A proposed Puppy Lemon Law has moved out of the Illinois Senate executive committee and is a step closer to consideration. The proposed legislation passed committee yesterday and has been placed on a hearing calendar for a public reading for Tuesday, April 30.
The Puppy Lemon Law would allow consumers to seek a refund, replacement and/or reimbursement of necessary veterinary costs if they purchased an animal with an undisclosed disease or illness while allowing sellers to contest the remedy. The puppy lemon law would also require pet shops to notify customers and the state veterinarian of any significant outbreak of contagious diseases.
The Puppy Lemon Law will help give consumers more recourse if they purchase sick dogs from pet stores that may have come from puppy mills. You can show your support and help move the bill forward by calling your senator and asking for his or her support for the bill. You may also sign up to stay updated on the status of the Animal Welfare - Puppy Lemon Law by registering your email and password under "Follow this Bill" at this link.
There are currently 17 states that have pet lemon laws. This new law would add Illinois to the list. About 99 percent of the dogs sold in pet stores come from large-scale commercial breeding operations known as puppy mills. Some of the documented problems include overbreeding, inbreeding, minimum veterinary care and the lack of monitoring of other health issues.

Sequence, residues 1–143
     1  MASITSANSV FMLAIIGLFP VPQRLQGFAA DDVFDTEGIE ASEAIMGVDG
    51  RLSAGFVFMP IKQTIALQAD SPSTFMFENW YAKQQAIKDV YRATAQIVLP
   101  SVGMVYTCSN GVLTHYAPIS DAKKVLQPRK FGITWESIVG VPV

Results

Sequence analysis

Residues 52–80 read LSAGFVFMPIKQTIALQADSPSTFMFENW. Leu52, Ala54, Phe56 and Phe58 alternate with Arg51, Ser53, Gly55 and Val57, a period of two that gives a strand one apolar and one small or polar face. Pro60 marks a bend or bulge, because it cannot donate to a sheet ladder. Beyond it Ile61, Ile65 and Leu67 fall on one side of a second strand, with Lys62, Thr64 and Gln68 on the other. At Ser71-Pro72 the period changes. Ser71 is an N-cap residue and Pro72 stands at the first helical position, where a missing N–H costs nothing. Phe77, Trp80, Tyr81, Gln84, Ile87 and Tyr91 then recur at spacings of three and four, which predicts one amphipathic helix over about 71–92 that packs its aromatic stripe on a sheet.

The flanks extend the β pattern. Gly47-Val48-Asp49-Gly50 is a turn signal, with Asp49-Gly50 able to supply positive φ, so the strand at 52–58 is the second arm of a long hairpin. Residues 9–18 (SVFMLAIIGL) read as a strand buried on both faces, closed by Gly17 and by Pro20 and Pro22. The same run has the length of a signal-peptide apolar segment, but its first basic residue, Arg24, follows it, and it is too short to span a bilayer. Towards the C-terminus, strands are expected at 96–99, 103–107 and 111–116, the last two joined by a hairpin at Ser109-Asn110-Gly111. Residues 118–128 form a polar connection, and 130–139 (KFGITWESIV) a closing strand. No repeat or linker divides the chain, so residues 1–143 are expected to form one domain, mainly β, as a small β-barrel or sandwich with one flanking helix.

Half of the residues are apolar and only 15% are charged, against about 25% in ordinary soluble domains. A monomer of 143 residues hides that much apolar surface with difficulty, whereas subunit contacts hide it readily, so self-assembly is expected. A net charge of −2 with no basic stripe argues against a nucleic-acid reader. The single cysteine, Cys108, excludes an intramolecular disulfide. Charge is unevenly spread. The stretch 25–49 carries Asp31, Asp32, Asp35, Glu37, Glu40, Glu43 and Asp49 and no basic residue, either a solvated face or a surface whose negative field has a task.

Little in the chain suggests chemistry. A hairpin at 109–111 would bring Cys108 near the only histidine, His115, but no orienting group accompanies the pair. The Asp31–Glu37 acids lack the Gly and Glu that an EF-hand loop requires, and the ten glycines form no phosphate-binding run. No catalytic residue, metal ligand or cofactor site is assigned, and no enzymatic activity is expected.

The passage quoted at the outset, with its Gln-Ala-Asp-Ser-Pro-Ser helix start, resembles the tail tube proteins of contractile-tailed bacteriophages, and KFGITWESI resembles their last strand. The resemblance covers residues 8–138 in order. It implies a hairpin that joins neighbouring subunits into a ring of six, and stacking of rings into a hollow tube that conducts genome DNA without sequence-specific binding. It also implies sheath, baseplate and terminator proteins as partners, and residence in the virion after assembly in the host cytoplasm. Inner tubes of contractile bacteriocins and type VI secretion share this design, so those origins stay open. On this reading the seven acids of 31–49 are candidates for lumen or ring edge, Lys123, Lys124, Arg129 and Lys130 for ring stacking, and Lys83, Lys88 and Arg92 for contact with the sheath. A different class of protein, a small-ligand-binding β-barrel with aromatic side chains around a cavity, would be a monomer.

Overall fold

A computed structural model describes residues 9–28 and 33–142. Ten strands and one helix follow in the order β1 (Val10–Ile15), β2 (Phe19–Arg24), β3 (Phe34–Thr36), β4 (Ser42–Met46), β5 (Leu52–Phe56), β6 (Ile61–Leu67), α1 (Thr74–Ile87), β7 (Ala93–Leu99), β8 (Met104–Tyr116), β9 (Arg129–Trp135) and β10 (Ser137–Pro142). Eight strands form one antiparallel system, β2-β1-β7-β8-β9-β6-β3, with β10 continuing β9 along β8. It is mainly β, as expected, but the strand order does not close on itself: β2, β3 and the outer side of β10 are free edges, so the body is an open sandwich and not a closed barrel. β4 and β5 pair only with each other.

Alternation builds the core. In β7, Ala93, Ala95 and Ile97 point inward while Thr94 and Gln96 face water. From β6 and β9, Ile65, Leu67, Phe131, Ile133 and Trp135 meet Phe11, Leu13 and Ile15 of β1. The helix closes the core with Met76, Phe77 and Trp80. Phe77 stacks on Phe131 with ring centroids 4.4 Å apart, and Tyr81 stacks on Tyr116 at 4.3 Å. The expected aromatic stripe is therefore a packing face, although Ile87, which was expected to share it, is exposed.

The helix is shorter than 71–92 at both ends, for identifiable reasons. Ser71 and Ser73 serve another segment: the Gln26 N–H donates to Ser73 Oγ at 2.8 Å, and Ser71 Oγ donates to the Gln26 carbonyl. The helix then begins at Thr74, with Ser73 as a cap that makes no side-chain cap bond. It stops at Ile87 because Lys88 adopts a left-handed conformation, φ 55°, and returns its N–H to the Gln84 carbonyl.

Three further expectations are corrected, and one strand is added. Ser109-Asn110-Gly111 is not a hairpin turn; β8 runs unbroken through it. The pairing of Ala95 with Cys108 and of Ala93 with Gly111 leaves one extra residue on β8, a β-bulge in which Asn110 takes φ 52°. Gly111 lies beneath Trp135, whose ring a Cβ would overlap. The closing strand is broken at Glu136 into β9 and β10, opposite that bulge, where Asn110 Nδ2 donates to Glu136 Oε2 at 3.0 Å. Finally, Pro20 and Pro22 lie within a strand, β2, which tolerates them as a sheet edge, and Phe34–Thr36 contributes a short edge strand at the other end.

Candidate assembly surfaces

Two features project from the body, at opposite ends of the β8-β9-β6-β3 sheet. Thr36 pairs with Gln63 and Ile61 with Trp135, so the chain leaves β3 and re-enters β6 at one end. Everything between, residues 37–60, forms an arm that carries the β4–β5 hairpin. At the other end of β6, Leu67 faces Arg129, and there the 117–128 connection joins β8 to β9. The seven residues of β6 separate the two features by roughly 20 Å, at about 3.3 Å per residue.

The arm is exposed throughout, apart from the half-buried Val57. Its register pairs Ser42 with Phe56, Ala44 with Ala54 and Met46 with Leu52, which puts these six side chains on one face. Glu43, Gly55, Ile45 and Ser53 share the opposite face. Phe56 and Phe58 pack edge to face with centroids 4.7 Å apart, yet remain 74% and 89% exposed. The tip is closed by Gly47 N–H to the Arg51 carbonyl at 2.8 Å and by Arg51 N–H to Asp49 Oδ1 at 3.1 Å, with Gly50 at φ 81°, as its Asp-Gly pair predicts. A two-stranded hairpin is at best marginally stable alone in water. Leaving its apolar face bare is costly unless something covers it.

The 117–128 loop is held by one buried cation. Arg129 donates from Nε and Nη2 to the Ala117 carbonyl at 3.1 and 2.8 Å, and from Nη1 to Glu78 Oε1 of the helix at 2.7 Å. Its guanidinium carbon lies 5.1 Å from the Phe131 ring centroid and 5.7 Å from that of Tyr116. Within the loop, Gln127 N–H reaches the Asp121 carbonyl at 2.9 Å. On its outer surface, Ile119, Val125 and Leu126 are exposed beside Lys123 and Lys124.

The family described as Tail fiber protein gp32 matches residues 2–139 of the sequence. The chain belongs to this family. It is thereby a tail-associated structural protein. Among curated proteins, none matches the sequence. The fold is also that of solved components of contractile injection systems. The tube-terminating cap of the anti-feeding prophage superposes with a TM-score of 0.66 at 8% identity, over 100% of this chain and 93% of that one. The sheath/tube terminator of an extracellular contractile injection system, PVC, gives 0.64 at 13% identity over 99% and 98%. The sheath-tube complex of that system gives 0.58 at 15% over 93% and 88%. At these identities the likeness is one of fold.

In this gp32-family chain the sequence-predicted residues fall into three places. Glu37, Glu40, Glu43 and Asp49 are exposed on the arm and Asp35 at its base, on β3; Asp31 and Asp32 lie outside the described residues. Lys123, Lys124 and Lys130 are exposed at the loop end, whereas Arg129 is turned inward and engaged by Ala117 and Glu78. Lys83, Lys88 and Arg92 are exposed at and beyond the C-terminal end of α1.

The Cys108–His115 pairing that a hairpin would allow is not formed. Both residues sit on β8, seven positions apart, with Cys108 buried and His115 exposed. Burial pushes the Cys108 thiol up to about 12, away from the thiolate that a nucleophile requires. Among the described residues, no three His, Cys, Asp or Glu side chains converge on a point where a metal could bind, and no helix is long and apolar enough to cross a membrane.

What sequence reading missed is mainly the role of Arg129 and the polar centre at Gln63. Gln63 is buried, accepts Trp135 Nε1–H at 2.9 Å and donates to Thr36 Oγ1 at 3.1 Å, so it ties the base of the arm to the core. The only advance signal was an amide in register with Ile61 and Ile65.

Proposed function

“Because of these poor breeding situations, pets sold in pet stores are often sick and have other long-term health issues,” according to The Puppy Mill Project, an advocacy group that educates consumer about puppy mills and their connection to dogs sold in pet stores and online. Consumers often don’t find out about serious problems until after they’re facing large veterinary bills to correct the problem or worse.
Just last year, an outbreak of canine distemper was traced directly to the Chicago-area pet chain Happiness is Pets. The stores continued to sell puppies to the public during the outbreak without warning buyers that their puppies may have been exposed to the disease.
Over a two month period, around 12 confirmed cases of canine distemper were discovered in puppies purchased from the Happiness is Pets chain of stores. All but one of the dogs either died or were euthanized.
While distemper is not contagious to humans, it is highly contagious among dogs. Prior to this outbreak, canine distemper had nearly been eradicated in most parts of Illinois. Happiness is Pets is currently the subject of consumer fraud lawsuit connected to the distemper outbreak.
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